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Saturday, February 13, 1858
SEPOYS; OR, HIGHLAND JESSIE.
A TALE OF THE PRESENT INDIAN REVOLT.
M. J. ERRYM.
AUTHOR OF "JANE BRIGHTWELL," "THE SNOW-DRIFT," ETC.
[Giving a faithful Account of the Perils and Adventures of Two Families in
The romantic and exciting character of the events in
ASSEMBLY ROOM AT CAWNPORE.
CLINGING to each other with the frantic grasp of despair—-uncertainty and fear
upon every countenance—-blanched cheeks and trembling limbs, bespeaking the terror
of those throbbing hearts—-eyes quivering through tears of agonised apprehension,
as they cast their hurried glances from door to window, and then from face to face
of the poor horror-stricken throng; listening with an agony of dread for any sound
from without, striving with a preternatural eagerness to separate the sobs and
moans of children from all extraneous noises-—silent and hopeless, with the slant
There crouched the mother—-clasping to her heart the little ones wailing for food, and dabbled with the blood of the father who had fallen in their defense—despair on her face, terror of yet unheard-of horrors to come, in her eyes.
There the maiden in the first flush and pride of her girlish beauty, so pale and wan, the very fount of tears dried up with the wild terror of the past, and the dread of the still more terrible future! Where are the fond hearts that love her? where the tender arms that would enfold her from even the winds of heaven, should they visit her cheek too roughly? where is the gallant lover who has looked to her as the star in the East, by the light of which he hoped to march to glory and renown? Not there! not there!—-where she like a pale spectre, with those clasped hands and that faint moaning sound from her lips, awaits her dreadful doom.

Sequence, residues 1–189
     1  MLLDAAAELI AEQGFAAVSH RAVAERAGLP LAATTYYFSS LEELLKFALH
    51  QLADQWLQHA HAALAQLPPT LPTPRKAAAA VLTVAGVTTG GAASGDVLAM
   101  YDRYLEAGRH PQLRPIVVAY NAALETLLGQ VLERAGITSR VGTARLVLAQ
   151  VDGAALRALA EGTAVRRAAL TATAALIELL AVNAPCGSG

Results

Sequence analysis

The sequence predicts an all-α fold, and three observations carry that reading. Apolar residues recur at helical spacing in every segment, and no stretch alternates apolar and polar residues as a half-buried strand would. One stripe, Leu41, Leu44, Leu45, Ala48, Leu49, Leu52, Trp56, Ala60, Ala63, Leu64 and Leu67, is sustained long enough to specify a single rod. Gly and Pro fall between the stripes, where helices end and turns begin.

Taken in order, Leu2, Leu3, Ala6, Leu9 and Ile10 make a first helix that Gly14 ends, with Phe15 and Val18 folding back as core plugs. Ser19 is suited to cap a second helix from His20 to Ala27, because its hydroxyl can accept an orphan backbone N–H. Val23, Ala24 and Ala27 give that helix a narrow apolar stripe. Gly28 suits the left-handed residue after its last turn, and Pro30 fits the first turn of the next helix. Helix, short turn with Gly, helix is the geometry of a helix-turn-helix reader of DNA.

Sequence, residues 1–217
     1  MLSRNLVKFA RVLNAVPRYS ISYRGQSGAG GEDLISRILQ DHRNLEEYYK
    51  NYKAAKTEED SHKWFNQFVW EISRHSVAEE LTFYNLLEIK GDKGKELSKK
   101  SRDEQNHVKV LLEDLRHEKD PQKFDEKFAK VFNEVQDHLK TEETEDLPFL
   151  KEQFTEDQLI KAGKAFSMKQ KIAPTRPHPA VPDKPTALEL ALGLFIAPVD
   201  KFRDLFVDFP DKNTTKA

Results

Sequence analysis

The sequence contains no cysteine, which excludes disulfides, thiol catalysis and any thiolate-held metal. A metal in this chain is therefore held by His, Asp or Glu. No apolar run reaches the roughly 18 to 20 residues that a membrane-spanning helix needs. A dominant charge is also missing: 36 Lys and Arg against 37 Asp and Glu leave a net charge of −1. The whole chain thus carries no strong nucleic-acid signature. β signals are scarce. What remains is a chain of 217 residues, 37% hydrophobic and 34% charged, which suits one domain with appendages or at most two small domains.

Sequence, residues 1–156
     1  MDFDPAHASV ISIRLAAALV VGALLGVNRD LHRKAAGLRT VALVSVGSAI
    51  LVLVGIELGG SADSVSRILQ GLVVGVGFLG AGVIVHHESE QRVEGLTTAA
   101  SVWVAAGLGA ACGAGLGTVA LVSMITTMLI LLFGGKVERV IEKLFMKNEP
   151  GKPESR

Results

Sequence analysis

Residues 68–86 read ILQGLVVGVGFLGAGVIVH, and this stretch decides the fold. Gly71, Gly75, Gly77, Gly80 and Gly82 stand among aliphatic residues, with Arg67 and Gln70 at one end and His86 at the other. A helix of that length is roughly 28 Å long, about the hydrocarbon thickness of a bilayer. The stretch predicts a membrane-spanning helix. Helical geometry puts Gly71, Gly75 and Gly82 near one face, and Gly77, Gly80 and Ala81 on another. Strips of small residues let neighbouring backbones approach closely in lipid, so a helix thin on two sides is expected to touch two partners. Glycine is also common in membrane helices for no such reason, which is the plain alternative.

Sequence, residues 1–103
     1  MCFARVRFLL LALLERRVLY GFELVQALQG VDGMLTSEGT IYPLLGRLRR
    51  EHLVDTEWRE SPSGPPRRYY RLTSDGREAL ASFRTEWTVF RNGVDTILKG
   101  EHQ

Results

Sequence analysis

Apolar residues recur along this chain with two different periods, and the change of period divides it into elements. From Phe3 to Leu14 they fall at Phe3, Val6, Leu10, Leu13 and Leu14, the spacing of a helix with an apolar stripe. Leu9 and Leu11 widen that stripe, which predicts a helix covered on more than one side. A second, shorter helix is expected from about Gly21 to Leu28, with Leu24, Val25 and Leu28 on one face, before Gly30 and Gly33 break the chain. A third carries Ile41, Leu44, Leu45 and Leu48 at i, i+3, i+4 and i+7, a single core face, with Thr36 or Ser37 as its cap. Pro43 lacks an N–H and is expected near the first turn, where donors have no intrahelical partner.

Wives—-sisters—-gentle little ones, who have but yet, through their blue eyes, peeped at the great world, which so soon for them is to pass away for ever;—-young, fair children, with the sweet cherub faces of English youth, and the soft voices of our own happy clime—beings of love, and to be beloved, with all the wild idolatry of human passion;—beauty, gentleness—every charm that, in the fairest and the tenderest portion of humanity, graces nature,—all are there—picturesque, yet awful in their despair!
Do not pitying angels crowd those latticed casements and gaze with the ineffable love of a higher state on these poor victims? Is there no cheering murmur from a world to come, whence cruelty and oppression are unknown, since all hope is quenched in this? Oh! it was a sight to make angels weep, if tears are still the inheritance of the starry host!
And higher, and higher still, rose in the soft blue of that Indian sky,
"Hush! What sound is that?"
A shrill, clarion-like burst of eastern music. The clash of cymbals, and the whirr of the many-stringed eeda , with the hoarse rattle of drums, comes on the soft night air.
Then, the mothers clasp their little ones yet closer to their hearts. Then the young maidens sink to the floor, their breath coming short and thick; and there is wringing of hands, and there are frantic prayers, and cries of help, where help there is none—-for mercy, which comes not.